« Our new state, in its outward form, has replaced the colonial state, but, in order not to continue the practice of the former system we must analyze the old ways of doing things so that we can improve on them. We must analyze them in relation to our major objectives… 3 »

In all cases a cardinal principle has been that the reconversion of an agency or an organ of government lead to its complete integration into the national system. The concept of independent regulatory agencies, left free to function as watchdogs over the actions of government, are viewed as irrelevant in a society where these functions are assumed by the party. Sékou Touré has made it clear that non-integrated institutions and agencies, or social actions of any kind which might escape control by the state, not only are not to be tolerated, but are to be actively resisted :

« We, as totally dedicated militants, solemnly affirm that
everything, every phenomenon, will have no value in our eyes save to the extent that it tends toward our final goal. Thus, all opposition, all attempts to divert our attention, necessarily end by strengthening our struggle for emancipation. Those who willingly shut themselves up within the framework of the colonial system will never be able to make us slacken our pace … We must not consider economic, social, and cultural phenomena in isolated fashion. We must consider them in relation to our policy, our national existence, and the highest interests of the people of our country. The country being an indivisible entity, we shall not favor any one sector or any one project. 4 »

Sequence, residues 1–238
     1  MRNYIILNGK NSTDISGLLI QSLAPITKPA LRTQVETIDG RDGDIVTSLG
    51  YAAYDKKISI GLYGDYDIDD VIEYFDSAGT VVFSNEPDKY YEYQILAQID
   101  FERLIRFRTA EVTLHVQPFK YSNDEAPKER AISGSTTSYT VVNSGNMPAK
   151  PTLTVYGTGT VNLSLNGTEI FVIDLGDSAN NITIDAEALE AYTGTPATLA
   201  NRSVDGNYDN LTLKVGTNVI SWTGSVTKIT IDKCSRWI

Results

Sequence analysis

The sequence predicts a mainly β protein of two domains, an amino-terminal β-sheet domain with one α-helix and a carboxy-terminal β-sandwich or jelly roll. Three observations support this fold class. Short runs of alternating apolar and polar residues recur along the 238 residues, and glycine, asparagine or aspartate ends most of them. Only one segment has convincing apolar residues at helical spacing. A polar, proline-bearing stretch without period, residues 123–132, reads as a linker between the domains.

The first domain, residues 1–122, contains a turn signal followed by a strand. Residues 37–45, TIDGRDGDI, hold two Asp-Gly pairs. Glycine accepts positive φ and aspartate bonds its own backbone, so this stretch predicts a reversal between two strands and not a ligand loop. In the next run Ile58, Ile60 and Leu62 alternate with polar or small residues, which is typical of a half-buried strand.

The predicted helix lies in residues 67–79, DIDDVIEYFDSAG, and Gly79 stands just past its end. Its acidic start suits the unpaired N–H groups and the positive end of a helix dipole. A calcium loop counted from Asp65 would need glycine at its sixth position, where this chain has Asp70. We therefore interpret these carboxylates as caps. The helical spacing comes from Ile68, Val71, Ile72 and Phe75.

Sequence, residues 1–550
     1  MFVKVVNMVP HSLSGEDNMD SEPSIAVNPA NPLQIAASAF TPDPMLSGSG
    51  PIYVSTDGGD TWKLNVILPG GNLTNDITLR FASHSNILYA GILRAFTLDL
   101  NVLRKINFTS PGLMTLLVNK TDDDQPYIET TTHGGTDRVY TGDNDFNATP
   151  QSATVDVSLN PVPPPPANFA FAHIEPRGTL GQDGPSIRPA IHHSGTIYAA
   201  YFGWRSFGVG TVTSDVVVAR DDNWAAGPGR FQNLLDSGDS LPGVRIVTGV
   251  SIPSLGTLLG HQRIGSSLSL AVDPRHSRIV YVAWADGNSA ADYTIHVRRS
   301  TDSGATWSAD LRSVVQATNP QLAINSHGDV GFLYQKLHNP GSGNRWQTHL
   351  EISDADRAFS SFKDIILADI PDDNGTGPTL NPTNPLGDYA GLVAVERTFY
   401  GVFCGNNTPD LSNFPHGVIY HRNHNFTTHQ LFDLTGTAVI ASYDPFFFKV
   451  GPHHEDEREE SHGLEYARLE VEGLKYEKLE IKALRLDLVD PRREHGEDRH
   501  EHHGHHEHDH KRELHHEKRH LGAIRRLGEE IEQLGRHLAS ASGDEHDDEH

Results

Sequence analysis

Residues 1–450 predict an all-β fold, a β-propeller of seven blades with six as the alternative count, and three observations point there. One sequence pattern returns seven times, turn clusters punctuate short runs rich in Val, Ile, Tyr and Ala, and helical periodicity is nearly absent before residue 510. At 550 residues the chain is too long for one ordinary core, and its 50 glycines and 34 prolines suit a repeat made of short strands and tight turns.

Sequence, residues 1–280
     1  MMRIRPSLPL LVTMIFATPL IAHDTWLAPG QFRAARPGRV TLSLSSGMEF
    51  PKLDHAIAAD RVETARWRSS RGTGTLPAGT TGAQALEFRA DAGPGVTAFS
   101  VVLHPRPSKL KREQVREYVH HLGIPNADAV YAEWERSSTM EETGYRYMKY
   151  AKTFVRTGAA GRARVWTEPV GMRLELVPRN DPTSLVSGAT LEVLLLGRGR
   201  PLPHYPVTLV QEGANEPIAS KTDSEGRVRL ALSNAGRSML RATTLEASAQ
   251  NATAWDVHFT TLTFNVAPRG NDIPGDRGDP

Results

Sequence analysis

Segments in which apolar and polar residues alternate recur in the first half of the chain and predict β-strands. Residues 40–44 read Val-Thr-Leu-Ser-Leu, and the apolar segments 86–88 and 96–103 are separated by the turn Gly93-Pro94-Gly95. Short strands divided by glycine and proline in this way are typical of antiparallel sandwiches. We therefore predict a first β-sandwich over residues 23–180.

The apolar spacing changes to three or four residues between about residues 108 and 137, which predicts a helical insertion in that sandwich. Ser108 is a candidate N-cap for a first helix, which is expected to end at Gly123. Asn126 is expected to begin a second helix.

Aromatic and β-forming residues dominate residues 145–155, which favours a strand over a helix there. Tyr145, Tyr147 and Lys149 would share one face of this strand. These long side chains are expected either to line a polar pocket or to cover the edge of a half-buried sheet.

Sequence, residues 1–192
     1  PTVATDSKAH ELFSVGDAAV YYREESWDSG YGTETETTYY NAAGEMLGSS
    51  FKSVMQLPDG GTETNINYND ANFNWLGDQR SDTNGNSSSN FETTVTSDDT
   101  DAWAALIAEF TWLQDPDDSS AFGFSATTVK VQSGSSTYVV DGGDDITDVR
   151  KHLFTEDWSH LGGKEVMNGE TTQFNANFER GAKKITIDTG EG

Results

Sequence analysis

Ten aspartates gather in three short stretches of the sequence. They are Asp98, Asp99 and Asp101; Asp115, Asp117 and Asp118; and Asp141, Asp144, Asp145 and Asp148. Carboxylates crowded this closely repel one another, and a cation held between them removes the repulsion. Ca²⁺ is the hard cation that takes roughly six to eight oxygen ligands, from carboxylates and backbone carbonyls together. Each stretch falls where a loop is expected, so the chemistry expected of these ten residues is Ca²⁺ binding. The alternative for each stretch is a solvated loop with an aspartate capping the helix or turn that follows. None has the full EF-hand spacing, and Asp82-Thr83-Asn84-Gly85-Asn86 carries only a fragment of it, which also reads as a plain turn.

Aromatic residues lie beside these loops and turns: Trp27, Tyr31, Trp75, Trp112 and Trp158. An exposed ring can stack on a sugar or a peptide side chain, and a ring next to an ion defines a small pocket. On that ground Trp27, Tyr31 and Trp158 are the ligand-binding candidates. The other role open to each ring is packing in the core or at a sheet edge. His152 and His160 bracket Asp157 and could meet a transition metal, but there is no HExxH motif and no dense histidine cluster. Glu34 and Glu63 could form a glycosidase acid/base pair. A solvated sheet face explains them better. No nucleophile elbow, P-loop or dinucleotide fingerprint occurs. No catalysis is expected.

One of the chief problems which immediately confronted Guinea was to determine the extent to which reconversion could or should be carried out and where this might most profitably be done. Might not reconversion in one area (e .g ., in education), if carried out too peremptorily, impede or retard progress in ether areas?

Africanization also presented difficulties of quite another sort. What form should the desired Africanization of a particular institution or convention take? Should it be Soussou, Foulah, or Malinké? The problem posed to those advocating reconversion could not be underestimated. A wrong choice—one which unduly favored the cultural form of one ethnie group over those of other groups— might run the risk of reviving ancient enmities. Such a mistake could damage the delicate strands of unity so painstakingly woven by the party since independence. However deplorable “the colonial way,” one undeniable advantage it had was that through the common adherence to colonial laws and conventions which it imposed on its subjects, it did tend to de-emphasize ethnic, linguistic, and regional differences among the indigenous peoples. For administrative purposes, the colonial regime treated the peoples of the territory as a unit rather than as distinct ethnic groups. It created among them, however inadvertently, a certain sense of union—even if it was only what Sékou Touré later referred to as a “union de misère.” The P.D.G. profited from the experience.